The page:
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Eamonn Magee Jnr murder: Turkish barman Orhan Koca remanded over boxer's death

By Lesley-Anne McKeown

Published 02/06/2015

Former WBU welterweight champion Eamonn Magee Sr (left) arrives at Craigavon Magistrates Court to see Orhan Koca, who is charged with the murder of his son Eamonn Magee Jr
Former WBU welterweight champion Eamonn Magee Sr (left) arrives at Craigavon Magistrates Court to see Orhan Koca, who is charged with the murder of his son Eamonn Magee Jr
Eamonn Magee Jnr died in a knife attack in West Belfast (PSNI/PA Wire)

Turkish national Orhan Koca has been remanded in custody charged with murdering the son of a former boxing champion.

There were emotional scenes at Craigavon Magistrates' Court when the 32-year-old barman appeared in the dock.

Eamonn Magee Jnr, 22, was stabbed to death as he went to check on a pizza delivery in the early hours of Saturday morning.

His father Eamonn Magee Snr, a former WBU welterweight title holder, was supported in court by a large crowd.

As Koca was led from the dock, the boxer made an emotional outburst aimed at the defendant.

Earlier, District Judge Des Perry had warned he would clear the court if the hearing was disrupted.

He said: "If proceedings are disrupted in any way, understand this is a very, very emotional situation, I will have no hesitation in clearing the court."

Koca, who has no fixed abode, spoke to confirm his name and that he understood the murder charge against him.

Mr Magee, who had followed his father into the boxing ring and had a promising career ahead of him, was also studying engineering at university.

Police believe his killer lay in wait while he visited a friend's house in the Summerhill Park area of West Belfast.

The court was told Koca, a father of three young children, had consistently denied murder from the moment of his arrest and throughout 19 police interviews.

Defence solicitor Eamon O'Connor said he intended to apply for bail in four weeks' time.

He said: "There is a full acknowledgement that this was a truly horrific crime. To have a child taken away in such brutal circumstances is the worst thing that can happen to a parent."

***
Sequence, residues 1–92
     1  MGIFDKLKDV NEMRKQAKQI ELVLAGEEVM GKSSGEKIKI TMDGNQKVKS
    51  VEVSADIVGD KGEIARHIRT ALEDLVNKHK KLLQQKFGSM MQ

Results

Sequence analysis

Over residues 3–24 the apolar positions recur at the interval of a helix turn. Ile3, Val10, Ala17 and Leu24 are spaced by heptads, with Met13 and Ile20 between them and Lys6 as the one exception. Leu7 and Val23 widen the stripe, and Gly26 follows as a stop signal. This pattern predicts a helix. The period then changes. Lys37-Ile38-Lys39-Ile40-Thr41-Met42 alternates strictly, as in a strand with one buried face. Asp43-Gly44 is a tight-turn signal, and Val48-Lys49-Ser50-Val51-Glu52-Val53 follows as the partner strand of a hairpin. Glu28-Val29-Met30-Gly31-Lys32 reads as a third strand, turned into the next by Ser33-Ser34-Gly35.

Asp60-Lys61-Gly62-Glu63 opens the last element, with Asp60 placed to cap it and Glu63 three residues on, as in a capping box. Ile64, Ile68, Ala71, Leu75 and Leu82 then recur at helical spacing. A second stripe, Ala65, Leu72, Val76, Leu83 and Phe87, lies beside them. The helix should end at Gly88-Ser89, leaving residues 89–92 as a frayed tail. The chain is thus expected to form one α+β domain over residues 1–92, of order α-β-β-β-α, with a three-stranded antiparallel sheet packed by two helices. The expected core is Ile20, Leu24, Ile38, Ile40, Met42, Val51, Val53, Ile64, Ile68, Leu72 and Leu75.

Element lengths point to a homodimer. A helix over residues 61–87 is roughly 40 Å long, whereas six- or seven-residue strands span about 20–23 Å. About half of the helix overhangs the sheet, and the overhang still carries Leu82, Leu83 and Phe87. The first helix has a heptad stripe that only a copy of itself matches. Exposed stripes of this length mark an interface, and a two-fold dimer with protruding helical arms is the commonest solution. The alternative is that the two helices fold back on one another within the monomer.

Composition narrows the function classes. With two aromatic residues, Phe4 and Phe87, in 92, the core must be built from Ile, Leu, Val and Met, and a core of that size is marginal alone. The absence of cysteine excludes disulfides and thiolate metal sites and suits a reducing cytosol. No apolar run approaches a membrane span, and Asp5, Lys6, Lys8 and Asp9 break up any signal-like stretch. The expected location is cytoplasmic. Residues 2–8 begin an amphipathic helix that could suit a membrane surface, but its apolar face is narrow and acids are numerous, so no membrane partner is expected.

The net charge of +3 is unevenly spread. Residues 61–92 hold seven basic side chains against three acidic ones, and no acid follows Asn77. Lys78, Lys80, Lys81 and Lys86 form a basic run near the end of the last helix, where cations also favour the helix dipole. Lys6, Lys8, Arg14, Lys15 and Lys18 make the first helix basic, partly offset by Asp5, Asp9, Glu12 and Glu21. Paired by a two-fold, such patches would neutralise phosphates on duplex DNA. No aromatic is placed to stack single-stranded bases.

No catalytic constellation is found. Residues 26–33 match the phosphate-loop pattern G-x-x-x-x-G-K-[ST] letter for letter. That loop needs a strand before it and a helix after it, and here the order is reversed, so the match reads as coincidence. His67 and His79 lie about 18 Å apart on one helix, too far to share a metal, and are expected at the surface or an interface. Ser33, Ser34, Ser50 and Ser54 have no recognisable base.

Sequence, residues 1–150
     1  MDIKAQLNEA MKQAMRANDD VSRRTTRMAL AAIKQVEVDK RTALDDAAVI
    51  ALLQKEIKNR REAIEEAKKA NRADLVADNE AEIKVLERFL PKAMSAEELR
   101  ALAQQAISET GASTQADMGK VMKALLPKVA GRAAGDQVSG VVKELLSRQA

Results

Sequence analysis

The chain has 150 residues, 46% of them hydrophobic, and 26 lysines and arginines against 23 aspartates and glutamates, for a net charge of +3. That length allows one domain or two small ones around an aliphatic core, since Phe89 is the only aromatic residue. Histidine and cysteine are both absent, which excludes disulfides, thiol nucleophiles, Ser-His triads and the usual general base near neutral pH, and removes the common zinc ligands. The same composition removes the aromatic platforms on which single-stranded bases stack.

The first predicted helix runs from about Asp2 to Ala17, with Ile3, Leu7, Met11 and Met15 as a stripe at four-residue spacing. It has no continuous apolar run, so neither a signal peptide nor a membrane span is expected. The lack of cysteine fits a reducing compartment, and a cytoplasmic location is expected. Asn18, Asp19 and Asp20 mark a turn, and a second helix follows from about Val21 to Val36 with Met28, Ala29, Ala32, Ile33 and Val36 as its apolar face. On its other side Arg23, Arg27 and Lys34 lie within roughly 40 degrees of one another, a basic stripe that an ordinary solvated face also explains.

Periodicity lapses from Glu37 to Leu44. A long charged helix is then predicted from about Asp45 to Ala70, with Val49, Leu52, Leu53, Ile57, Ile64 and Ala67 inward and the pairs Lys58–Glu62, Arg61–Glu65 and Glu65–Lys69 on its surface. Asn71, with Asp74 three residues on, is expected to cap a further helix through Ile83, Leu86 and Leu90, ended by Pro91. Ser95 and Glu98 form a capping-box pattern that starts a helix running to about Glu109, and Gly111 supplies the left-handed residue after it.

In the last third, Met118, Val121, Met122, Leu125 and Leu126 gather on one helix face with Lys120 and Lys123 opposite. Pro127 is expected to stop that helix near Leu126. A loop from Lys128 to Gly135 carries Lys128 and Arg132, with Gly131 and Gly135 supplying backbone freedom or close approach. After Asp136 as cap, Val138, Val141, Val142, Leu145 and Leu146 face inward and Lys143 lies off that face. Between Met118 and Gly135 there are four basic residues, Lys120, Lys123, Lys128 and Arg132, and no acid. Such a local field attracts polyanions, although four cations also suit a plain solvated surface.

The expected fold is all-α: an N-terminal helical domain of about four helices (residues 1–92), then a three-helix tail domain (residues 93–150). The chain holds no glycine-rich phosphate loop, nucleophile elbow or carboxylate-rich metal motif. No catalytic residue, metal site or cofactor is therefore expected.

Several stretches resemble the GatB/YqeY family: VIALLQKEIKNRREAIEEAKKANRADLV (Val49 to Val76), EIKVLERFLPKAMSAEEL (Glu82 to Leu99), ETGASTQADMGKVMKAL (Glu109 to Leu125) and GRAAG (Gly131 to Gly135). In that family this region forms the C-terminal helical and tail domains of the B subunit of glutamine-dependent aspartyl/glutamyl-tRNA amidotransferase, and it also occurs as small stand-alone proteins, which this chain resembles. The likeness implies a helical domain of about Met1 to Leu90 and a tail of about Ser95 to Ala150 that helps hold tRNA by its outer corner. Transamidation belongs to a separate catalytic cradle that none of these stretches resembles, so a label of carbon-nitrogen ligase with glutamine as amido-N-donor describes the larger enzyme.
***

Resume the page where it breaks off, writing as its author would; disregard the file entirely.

Koca, who was dressed in a grey tracksuit, sat in the dock with his arms folded and was flanked between two prison guards. At times, he looked towards Mr Magee Snr.

He answered loudly and clearly "Yes" when asked by the court clerk to confirm his identity.

A Police Service of Northern Ireland officer told the court he believed he could connect the accused to the charge. Detective Inspector Darren McCartney also revealed that the suspected murder weapon had been found and had been sent for forensic analysis.

A prosecutor said bail would be opposed in all circumstances.

However Mr O'Connor said his client, who has lived in Northern Ireland for two and a half years, insisted he had "nothing to do" with the killing and would vigorously contest bail.

Koca did not pose a flight risk as his passport was with the Home Office in Liverpool and he would "never travel" away from his three beloved children, the solicitor claimed.

Mr O'Connor added: "It is fully accepted this is a most serious criminal offence."

A number of public order police officers lined the inside the courtroom for the duration of the brief hearing.

Remanding Koca into custody the judge appealed for the forensics lab to deal with the high profile case expeditiously.

Judge Perry said: "I am remanding you to appear in Lisburn via video link on June 29."

The judge also ordered a Turkish interpreter to attend the next court hearing.

He said: "The court will want to ensure a belt and braces approach to ensure that if there are any issues they can be dealt with."

The case was adjourned until June 29.

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